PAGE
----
Also known as girolle. Bright golden yellow and shaped like a trumpet, this distinctive mushroom is appreciated for its apricot-flavored overtones. A less-common black variety, called black trumpet or trumpet of death, is close in flavor but has a more delicate texture. Chanterelles are not cultivated to date.
Chinese Black Mushroom
Always sold dried. The best are actually beige to brown with cream-colored cracks radiating over the caps.
Cloud Ear Mushroom
Ruffled, brown-black Chinese mushroom with almost no flavor. Its crunch stands up to heat, however, and it adds texture to soups, vegetable stir-fries and fillings. Almost always sold dried, they expand a great deal after soaking. (For example, 3 heaping tablespoons dried cloud ears will swell to 1 cup softened and chopped.) After reconstituting, trim off the tough, flat stems.
The common brown mushroom. Cremini (the Italian plural) are closely related to common white mushrooms and can be used whenever white mushrooms are called for, but they have a light brown color, firmer texture and fuller flavor. Cremini mature to become portobellos.
Tiny, white Asian mushrooms with long, thin stems and caps shaped like pinheads, enoki are crisp and delicate in flavor. Available fresh during the winter or water-packed in cans or plastic tubs, they make beautiful garnishes for salads and clear soups.
A delicacy in Japan, the matsutake appears beneath pine trees for a brief period in midautumn. It has a slightly pointed, thick, dark brown cap and a meaty stem. Not cultivated and difficult to find, the matsutake appears in the northwest region of the United States, but the most flavorful ones come from Japan. Sauté them or wrap in foil and place on the grill.
Considered the king of mushrooms, the morel has an intense, musky flavor that makes it highly sought after. This uncultivated mushroom has a dark, elongated, spongelike cap and hollow stem. The crevices tend to fill with sand and insects, so you may want to treat them as an exception to the no-washing rule: Immerse them briefly in a large bowl of water and agitate to dislodge all the sand. You can halve them lengthwise for easier cleaning. Morels are especially delicious in cream sauces and scrambled eggs.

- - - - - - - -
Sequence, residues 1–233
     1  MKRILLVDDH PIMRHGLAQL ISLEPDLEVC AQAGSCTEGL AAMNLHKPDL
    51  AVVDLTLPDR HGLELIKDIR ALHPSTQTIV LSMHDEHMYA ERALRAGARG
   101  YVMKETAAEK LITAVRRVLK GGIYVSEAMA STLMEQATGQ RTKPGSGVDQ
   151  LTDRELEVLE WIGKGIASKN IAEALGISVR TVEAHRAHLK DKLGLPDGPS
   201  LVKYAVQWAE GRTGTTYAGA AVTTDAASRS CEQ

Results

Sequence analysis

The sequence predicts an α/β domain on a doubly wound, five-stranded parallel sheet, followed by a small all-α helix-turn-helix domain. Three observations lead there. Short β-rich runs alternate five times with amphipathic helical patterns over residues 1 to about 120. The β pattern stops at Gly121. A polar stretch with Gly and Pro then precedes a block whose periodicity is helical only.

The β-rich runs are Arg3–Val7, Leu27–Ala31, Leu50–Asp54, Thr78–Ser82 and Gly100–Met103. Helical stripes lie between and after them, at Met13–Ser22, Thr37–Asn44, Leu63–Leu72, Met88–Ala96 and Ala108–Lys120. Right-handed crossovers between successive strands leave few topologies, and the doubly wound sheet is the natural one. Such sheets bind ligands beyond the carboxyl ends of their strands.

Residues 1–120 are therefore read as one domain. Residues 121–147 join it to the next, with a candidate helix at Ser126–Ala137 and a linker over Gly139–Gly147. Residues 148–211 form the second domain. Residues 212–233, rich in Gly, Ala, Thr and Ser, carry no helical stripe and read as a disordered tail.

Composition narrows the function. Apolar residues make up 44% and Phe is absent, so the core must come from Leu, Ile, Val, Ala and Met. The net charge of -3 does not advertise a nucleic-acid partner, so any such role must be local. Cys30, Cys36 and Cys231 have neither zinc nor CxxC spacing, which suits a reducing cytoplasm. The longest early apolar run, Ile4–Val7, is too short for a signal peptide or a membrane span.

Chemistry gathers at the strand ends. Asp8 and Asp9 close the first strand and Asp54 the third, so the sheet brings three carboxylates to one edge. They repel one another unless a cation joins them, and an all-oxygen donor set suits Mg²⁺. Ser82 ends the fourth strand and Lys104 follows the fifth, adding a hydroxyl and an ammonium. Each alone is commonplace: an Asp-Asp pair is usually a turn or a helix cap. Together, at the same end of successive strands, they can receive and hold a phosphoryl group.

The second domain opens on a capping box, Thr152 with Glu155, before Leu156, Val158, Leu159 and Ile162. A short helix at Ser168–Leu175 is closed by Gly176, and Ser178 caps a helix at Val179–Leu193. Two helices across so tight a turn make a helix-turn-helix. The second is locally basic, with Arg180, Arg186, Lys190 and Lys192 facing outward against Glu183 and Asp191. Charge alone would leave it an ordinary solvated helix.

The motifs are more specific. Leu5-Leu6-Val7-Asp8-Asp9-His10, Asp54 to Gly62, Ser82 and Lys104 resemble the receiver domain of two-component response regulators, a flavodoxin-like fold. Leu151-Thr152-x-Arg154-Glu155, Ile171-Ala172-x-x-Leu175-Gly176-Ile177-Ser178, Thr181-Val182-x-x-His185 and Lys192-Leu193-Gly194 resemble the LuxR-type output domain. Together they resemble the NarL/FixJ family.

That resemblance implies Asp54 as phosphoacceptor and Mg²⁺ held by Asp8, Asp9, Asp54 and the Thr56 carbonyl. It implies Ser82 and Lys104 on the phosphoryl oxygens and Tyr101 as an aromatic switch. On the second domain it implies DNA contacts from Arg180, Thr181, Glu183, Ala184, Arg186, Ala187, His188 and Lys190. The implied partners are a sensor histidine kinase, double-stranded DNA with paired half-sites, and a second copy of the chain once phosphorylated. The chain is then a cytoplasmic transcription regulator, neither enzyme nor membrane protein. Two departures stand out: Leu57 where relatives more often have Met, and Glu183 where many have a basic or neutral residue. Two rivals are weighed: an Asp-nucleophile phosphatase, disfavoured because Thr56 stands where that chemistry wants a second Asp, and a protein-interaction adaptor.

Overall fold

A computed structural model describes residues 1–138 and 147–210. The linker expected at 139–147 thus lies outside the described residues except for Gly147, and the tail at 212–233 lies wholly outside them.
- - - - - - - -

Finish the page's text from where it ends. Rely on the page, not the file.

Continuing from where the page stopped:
Cream to pale gray mushroom, with a fan shape and a subtle flavor of shellfish. They used to be wild only but are now cultivated. Look for smaller, younger oysters, since they become tough and bitter as they grow older. They weep a great amount of liquid so are best grilled, roasted or stir-fried. Cook oyster mushrooms just until heated through to preserve their silken texture.
Also known as cepe and bolete. Porcini (Italian for "little pigs") are indeed nicely plump, with a firm texture, sweet fragrance and full, earthy flavor. An uncultivated variety, they have caps similar to cremini in shape and color, but their stems are thick and swollen. Although popular in Europe, the fresh mushrooms are difficult to find in the United States, where dried porcini are used instead. They are excellent in soups, pasta sauces and risotto. Thinly slice young, fresh ones and dress with a simple vinaigrette.
A cultivated mushroom, the portobello is in fact a mature cremino, allowed to grow until the cap is about 6 inches wide and dark brown. Portobellos have a rich, smoky flavor and meaty texture. Leave the caps whole for grilling or roasting, or slice and sauté them to top pasta or polenta. Food mixed or cooked with portobello mushrooms will take on some of their color, turning an unpleasant gray, so prepare the mushrooms separately and add just before serving. The thick, tough stems should be removed and may be saved for stocks, soups or sauces.
The most popular mushroom in Japan and now widely cultivated. Buff to dark brown, they are available fresh and dried. Fresh shiitake should have smooth, plump caps, while better-quality dried ones will have pale cracks in the cap's surface. Dried shiitake and Chinese black mushrooms are interchangeable. Shiitake take well to grilling, roasting, stir-frying and sautéing. Remove their thin, tough stems before using.
Grown on straw left in rice paddies after harvest. These small, globe-shaped mushrooms have a distinct earthy flavor and a color ranging from beige to brown. Only available canned outside of Asia, they are a common addition to soups and stir-fries.
Tree or Wood Ear Mushroom
Smaller, more delicate variety of the cloud ear, resembling crinkled black flakes. They are used much like cloud ears.
The cultivated, all-purpose mushroom sold in grocery stores. They are sometimes called button mushrooms, although the term refers specifically to young, tender ones with closed caps. For general cooking, use the medium-size mushrooms with little or no gills showing. The large ones are excellent for stuffing.
Adapted from Williams-Sonoma Kitchen Companion: The A to Z Guide to Everyday Cooking, Equipment and Ingredients (Time-Life Books, 2000)